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Cyrano de Bergerac

Cyrano de Bergerac


by Edmond Rostand

Cyrano de Bergerac Versions of Reality Quotes

How we cite our quotes: (Act.Line)

Quote #13

But… Poetry?
I have made rimes for you—
Not now—Shall we insult Nature, this night,
These flowers, this moment—shall we set all these
To phrases from a letter by Voiture?
Look once at the high stars that shine in heaven,
And put off artificiality!
Have you not seen great gaudy hothouse flowers,
Barren, without fragrance?—Souls are like that:
Forced to show all, they soon become all show—
The means to Nature’s end ends meaningless!
But… Poetry?
Love hates that game of words!
It is a crime to fence with life—I tell you,
There comes one moment, once—and God help those
Who pass that moment by!—when Beauty stands
Looking into the soul with grave, sweet eyes
That sicken at pretty words! (III.282-296)

Words, according to Cyrano, are not as true as emotion or action. This statement brings consequences on two scales: the first is that Cyrano lives by and is defined by his voice, his wit, his language; the second and grander scale is that Cyrano de Bergerac is a play, and therefore driven solely by the speech of its characters. The entire work of literature itself, then, operates within its own falsity.

Quote #14

Frequently! Then I drooped my eyes and said:
"I have a lover…" Whereupon, the Spaniard
With an air of ferocious dignity
Would close the carriage door—with such a gesture
As any king might envy, wave aside
The muskets that were leveled at my breast,
Fall back three paces, equally superb
In grace and gloom, draw himself up, thrust forth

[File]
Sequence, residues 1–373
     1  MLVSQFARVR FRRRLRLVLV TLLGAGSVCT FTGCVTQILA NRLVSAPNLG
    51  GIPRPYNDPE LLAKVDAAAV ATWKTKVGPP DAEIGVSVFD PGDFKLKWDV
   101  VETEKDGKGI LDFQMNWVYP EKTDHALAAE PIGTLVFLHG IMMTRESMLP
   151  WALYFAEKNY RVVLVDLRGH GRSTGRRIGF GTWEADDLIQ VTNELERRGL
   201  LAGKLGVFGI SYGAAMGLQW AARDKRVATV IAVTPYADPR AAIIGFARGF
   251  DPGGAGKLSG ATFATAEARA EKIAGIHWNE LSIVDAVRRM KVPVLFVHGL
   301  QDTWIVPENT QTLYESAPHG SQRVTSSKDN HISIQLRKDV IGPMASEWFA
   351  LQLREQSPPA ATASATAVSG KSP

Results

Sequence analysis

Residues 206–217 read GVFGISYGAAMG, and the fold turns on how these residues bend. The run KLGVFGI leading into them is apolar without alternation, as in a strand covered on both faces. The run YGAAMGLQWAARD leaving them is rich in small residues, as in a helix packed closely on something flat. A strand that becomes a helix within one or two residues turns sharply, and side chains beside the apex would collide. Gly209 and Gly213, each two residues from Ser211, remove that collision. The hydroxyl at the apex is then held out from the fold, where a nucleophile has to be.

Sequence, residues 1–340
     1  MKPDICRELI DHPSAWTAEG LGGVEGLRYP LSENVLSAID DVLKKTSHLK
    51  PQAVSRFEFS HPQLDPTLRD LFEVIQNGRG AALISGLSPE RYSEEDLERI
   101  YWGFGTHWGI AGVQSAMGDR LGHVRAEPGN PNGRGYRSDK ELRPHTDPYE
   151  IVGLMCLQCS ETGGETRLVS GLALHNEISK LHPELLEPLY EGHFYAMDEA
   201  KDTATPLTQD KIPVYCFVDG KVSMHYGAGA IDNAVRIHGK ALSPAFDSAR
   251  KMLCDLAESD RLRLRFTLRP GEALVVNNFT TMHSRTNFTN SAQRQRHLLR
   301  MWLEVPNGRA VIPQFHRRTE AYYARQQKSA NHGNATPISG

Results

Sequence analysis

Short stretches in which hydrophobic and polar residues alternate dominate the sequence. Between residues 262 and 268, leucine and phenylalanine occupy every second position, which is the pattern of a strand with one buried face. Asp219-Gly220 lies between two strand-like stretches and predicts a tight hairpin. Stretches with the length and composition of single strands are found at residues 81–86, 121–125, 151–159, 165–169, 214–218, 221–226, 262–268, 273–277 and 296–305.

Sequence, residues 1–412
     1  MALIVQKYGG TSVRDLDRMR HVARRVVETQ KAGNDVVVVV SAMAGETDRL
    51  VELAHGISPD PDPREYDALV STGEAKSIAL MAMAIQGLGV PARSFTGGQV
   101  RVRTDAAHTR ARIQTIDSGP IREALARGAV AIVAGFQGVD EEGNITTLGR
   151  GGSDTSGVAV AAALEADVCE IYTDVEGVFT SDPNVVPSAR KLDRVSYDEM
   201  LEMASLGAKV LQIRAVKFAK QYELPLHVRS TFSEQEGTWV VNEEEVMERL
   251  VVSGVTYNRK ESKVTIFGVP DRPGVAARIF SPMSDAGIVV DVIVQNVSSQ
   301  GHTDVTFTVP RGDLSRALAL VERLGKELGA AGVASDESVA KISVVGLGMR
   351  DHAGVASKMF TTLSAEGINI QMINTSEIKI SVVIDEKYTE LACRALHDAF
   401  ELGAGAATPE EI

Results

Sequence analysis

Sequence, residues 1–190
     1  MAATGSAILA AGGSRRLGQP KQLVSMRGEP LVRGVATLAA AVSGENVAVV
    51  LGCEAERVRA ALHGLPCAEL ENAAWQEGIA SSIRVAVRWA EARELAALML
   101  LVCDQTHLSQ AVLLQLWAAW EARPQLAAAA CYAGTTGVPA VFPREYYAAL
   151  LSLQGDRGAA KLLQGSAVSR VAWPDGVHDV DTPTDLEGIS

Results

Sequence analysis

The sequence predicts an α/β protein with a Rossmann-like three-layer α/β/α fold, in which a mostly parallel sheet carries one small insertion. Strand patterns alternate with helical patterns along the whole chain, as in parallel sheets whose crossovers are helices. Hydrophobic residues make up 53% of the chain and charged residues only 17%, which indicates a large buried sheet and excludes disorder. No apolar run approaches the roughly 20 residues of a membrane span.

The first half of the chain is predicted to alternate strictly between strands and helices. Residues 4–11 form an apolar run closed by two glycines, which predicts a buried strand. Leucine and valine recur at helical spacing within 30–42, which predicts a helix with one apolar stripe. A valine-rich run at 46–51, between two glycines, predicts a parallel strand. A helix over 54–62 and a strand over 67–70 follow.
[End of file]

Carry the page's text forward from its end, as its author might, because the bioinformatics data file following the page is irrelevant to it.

A spur under his cloak, sweeping the air
With his long plumes, bow very low, and say:
"Pass, Senorita!" (IV.262-272)

Roxane’s narrative sounds like something out of a chivalrous romance novel; again, Cyrano mocks the very genre it purports to take part in.

Quote #15

CARBON (Having, like the others, tightened his belt, dusted himself, brushed off his hat, smoothed out his plume and put on his lace cuffs, advances to Roxane ceremoniously)
In that case, may I not present to you
Some of these gentlemen who are to have
The honor of dying in your presence?
(She waits, standing on the arm of Christian, while)
CARBON (—presents)
Baron de Peyrescous de Colignac!
THE CADETS (Salutes)
CARBON (Continues) Baron de Casterac
De Cahuzac—Vidame de Malgouyre
Estressac Lésbas d’Escarabiot—
Chevalier d’Antignac-Juzet—
Baron Hillot de Blagnac-Saléchan
De Castel-Crabioules (IV.300-309)

This is another instance of a scene so overblown and pretentious that it seems to have come from a romance novel.

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